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Home Opinion MAHER: How proposed legislation is leaving Iowans with limited justice while protecting...

MAHER: How proposed legislation is leaving Iowans with limited justice while protecting private business

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During the last campaign cycle did Iowans ask for their legislators to limit damages companies are liable for? I am perplexed by the push and number of bills seeking to put caps in place for civil liability claims for various industries the past two sessions while on the contrary for the past three years, the citizens of Iowa were told we cannot protect your right to your private property, your body, during the pandemic by implementing legislation blocking vaccine mandates in the workplace because of the rights of private business. Apparently, now it is ok for the government to intervene for private businesses when they can’t afford their liabilities in the event they make a serious error and harm Iowans?

These bills truly bring up the question we all need to consider,” what is the role of government”? The primary role most citizens know is to protect our rights from government infringement. How then is reigning in medical malpractice claims or errors caused by truckers the role of government? How are these bills limited or conservative government solutions? Additionally, aren’t these bills interfering in the roles of each branch of government? Why is the legislature playing judge and jury when that role is supposed to belong to the people and the judicial branch?

While this article goes into more specifics regarding medical malpractice, the same considerations need to be applied to other bills seeking to achieve similar results, help from the government to limit liabilities while sacrificing individual liberties. The history behind medical malpractice reform dates back to the early 2000s when President George W. Bush pushed Congress to put caps in place on noneconomic damages for medical errors under the premise medical malpractice insurers were going to “leave the market”. Ironically, this is the same premise used in the early 1980s by pharmaceutical companies for why they needed immunity from liability for vaccine injuries because otherwise they would be forced to “leave the market.” Since that reform took place the US taxpayer has paid out more than $4.9 billion to children and adults injured by those on the vaccine schedule. As for medical malpractice, the senate blocked the passage of the Federal Med Mal reform bills forcing the industry to turn its attention to the state level to get caps on damages put into place. So far 28/50 states have implemented some form of a cap.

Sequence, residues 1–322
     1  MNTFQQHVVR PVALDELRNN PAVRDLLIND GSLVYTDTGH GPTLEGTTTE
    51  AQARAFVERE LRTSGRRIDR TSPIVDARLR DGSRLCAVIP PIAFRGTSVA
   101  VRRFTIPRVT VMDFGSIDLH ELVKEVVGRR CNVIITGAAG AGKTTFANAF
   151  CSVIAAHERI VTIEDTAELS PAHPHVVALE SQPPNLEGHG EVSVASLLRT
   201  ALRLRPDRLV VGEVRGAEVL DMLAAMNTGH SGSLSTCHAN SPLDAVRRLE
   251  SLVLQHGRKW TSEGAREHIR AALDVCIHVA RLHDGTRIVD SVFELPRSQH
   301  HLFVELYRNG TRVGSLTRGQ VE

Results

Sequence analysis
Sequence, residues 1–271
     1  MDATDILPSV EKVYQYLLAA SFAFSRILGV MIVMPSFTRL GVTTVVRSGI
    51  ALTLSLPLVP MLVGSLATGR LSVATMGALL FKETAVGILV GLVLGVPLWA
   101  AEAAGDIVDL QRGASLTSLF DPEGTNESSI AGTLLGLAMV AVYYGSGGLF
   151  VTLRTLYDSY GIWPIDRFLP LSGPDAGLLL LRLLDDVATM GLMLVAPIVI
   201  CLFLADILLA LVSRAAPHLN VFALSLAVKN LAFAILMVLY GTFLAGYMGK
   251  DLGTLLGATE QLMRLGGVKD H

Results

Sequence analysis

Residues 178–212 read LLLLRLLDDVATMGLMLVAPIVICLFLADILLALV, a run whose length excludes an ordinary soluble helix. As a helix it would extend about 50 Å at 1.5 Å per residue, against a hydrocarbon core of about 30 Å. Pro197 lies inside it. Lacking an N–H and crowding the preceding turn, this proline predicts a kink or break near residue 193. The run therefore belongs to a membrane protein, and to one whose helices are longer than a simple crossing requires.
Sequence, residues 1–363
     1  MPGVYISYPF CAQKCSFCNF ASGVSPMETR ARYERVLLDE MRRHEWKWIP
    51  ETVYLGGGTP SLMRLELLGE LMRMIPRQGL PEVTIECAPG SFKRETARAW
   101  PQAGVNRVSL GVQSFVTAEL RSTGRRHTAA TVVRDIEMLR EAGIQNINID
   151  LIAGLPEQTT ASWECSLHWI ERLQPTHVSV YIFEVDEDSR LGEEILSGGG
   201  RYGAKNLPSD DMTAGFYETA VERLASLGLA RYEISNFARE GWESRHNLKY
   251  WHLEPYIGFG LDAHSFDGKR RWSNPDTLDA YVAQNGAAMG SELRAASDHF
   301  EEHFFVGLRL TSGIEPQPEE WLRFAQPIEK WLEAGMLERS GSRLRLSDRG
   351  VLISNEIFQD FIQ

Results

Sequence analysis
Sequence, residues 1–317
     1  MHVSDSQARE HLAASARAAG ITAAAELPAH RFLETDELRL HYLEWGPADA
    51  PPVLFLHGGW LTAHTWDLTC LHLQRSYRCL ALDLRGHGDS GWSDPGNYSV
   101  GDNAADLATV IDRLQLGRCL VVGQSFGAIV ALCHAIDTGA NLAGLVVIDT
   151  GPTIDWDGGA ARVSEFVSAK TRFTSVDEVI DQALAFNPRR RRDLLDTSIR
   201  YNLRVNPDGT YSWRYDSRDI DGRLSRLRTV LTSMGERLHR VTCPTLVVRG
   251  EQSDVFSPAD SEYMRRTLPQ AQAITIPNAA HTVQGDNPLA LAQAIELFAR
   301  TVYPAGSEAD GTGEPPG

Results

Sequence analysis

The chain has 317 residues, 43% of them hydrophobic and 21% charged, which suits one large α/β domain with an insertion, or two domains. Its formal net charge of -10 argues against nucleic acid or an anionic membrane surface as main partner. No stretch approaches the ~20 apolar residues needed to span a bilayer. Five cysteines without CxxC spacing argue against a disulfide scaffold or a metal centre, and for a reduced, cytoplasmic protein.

Several of these state laws have been challenged in court as being unconstitutional; violating equal protection, due process, right to a jury trial, and access to courts. In some of these cases, the courts based their verdict of the statutes being unconstitutional due to the lack of sufficient proof that caps would reduce liability insurance premiums. Ultimately, caps would impact the most egregious cases of medical injury, the cases that need justice the most.

Since the main justification to support the need for this legislation stems from the focus on improving “rural healthcare access” and “recruiting doctors”, the real question is why are these bills the PRIMARY solution being proposed? Why are we not removing previously passed burdensome regulations, looking at increasing the Medicare reimbursement rates, addressing certificate of need laws to open up the market, or licensing other types of modalities to provide greater choice and access to rural Iowans? Couldn’t we evaluate how the COVID policies lead to bullying and termination of some health care providers and its impact on recruitment? Won’t passing this law just incentivize providers to continue harmful actions rather than making them correct faulty policies and practices by bearing the consequences of their decisions? What about investigating the plummeting birth rate as a contributing factor for failed attempts to keep a birth center open rather than a quantum leap assumption to the lack of caps being the issue?  Keep in mind nothing in this legislation forces the insurers to pass along savings to the providers or to us the citizens and multiple case studies have shown that caps have little to no effect on reducing healthcare costs.

Regardless, as Iowans who care about the constitution and the rights protected by it, we must ask ourselves the very important question “Are these bills truly the role of government in protecting our rights?”  Will we be sacrificing our liberty to a fair trial for an egregious medical injury to protect bad providers, faulty policies, entire industries, that may only use this to further cap ALL damages in the future as some states have already done? If you answered no to this being the government’s role or no to wanting to further limit your liberties, then we must inform our elected representative and senator to vote No on these bills as they take the floor this week. (HF161/SF148)



Gfell, Kevin J. “The Constitutional and Economic Implications of a National Cap on Non-Economic Damages in Medical Malpractice Actions.” Ind. L. Rev. 37 (2003): 773.

Nelson LJ. Tort Reform in Alabama: Some Constitutional Issues. Alabama Law Review. 1989;40:533–73


NAIC Countrywide Summary of Medical Professional Liability Insurance-Calendar Years 2009-2018

“The Insurance industry never promised that tort reform would achieve specific premium savings.”-American Insurance Association, March 13, 2002

Author: Lindsay Maher



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